News and Music Discovery
Play Live Radio
Next Up:
Available On Air Stations

LBL Wildlife Report: Nature's Stinky Sharpshooter, The Skunk

Tom Friedel
Wikimedia Commons (CC BY-SA 3.0)
Despite their bad reputation, skunks are incredibly docile creatures who will only spray humans as a last resort.

Skunks often earn a bad reputation akin to spiders and snakes, but these striped and spotted creatures are much more docile than their notoriety would suggest. Woodlands Nature Station's lead naturalist, John Pollpeter, speaks to Tracy Ross about these stinky sharpshooters. 

Skunks' stinky natures precede them, despite the most famous skunk, Pepé Le Pew, only ever looking for love. "Those little skunks are doing the same," Pollpeter begins. "But if you've ever been sprayed or your dog has been sprayed, it's not really a fun thing to deal with." 

Despite this bad rap, skunks will often only turn to spraying as a final resort. "They give you a lot of warning signs," Pollpeter explains, "particularly if you're a human. You can see it. You can react to it. Skunks have warning coloration just like venomous snakes and other animals out there that tell you that they're dangerous."

Although warning coloration is often thought of as being bright and bold yellows, oranges, and reds, skunks' warning colors are black and white. "That's what you'll see at night," Pollpeter says. "Skunks are nocturnal, so it's easier to see black and white."

In addition to their coloration, "other things that skunks do is they raise that tail and stomp their feet, sometimes very loudly. They start chittering their teeth. If you hear all those things and see that tail raise, it's a good time to step at least 30 feet away because that is meaning that they're going to go."

"Skunks have about an inch-long scent gland and about a tablespoon of smell," he continues. "They can shoot forward, backward, off to the sides, kind of a trick shooter. About 30 feet back, you get the fog -- just a slight covering."

One creature immune to skunks' stinky defense mechanisms is the Great Horned Owl, which Pollpeter says is a skunk's "number one predator. They have the capability of killing things about three times their own size. They have about 500 pounds of pressure per square inch in their talons, which is perfect for killing a skunk. They're also active at night when skunks are very visible."

Great Horned Owls' immunity to skunks' spray is due to their lack of smell. "Turkey vultures are the only birds we know of that smell," Pollpeter explains. [The owls] don't know the defense that the skunk gives off is anything to worry about. You can also be affected by the skunk's spray if you get it in the eyes, for instance, but you'd have to be pretty close."

In the United States, there are about four species of skunk. "There's the striped and the spotted, both found in Kentucky," Pollpeter says. "Spotted is found in Appalachia. There's the hooded and the hog-nosed, which are desert-dwelling species that you'll find in the Southwest. Otherwise, the striped skunk is the dominant skunk you're going to find in most of North America."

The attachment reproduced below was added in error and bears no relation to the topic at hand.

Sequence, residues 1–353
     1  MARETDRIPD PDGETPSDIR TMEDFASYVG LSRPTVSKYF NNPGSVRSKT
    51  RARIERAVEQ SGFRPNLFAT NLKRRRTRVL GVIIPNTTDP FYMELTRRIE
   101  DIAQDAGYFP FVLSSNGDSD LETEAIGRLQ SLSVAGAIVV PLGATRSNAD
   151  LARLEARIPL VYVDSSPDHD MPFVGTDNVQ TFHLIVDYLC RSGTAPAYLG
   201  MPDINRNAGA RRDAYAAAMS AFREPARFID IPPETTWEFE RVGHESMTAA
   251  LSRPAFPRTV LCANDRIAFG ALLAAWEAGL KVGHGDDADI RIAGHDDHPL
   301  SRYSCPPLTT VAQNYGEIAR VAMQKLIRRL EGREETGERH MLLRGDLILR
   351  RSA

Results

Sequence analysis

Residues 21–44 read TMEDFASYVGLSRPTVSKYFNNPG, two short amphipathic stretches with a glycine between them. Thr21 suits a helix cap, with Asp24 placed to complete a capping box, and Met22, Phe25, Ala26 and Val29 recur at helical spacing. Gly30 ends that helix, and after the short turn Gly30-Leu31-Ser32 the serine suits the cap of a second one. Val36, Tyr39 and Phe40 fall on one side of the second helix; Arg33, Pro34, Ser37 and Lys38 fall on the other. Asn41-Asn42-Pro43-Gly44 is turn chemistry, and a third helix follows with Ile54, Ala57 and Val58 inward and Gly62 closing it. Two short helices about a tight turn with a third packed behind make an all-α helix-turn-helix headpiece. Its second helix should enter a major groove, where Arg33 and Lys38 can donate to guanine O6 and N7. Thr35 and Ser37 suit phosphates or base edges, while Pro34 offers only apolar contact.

In Land Between the Lakes specifically, there is a wide variety of striped skunks due to generations of interbreeding. "In the Land Between the Lakes area, they're extremely surrounded by water. Skunks don't really get off the peninsula that often to do a genetic exchange. You see all sorts of genetic variants," Pollpeter says, including all-white, all-black, and even pink skunks. 

While their spray attacks seem rather aggressive to the sprayed, Pollpeter says skunks are actually incredibly calm animals. "It's not one you'd obviously want to pet or get close to in the wild. I've come across skunks that are really calm and don't mind you watching them and enjoying them, and I've come across skunks that are more touchy -- just like humans."

This docility doesn't mean they're ready for domestication, however. "People have tried to make them into pets, and they can be de-scented. The big issue when it comes to skunks is some of the diseases that can transfer from animals to humans. We're not really sure how well the vaccinations work on that. It's not recommended by a lot of vets and states to have them as pets. A lot of states in our area don't allow you to have skunks as pets because you can't ever be guaranteed that the vaccination was going to hold if you did get bit."

Pollpeter says some of the best areas to see a skunk in Land Between the Lakes is at the campgrounds. But don't be fooled by Pepé Le Pew's constant quest for love; these critters prefer a wide berth -- at least 30 feet or so. 

For more information on Land Between the Lakes or the Woodlands Nature Station, visit their website. You can also follow the Nature Station on Facebook

Tracy started working for WKMS in 1994 while attending Murray State University. After receiving his Bachelors and Masters degrees from MSU he was hired as Operations/Web/Sports Director in 2000. Tracy hosted All Things Considered from 2004-2012 and has served as host/producer of several music shows including Cafe Jazz, and Jazz Horizons. In 2001, Tracy revived Beyond The Edge, a legacy alternative music program that had been on hiatus for several years. Tracy was named Program Director in 2011 and created the midday music and conversation program Sounds Good in 2012 which he hosts Monday-Thursday. Tracy lives in Murray with his wife, son and daughter.
Melanie Davis-McAfee graduated from Murray State University in 2018 with a BA in Music Business. She has been working for WKMS as a Music and Operations Assistant since 2017. Melanie hosts the late-night alternative show Alien Lanes, Fridays at 11 pm with co-host Tim Peyton. She also produces Rick Nance's Kitchen Sink and Datebook and writes Sounds Good stories for the web.
Related Content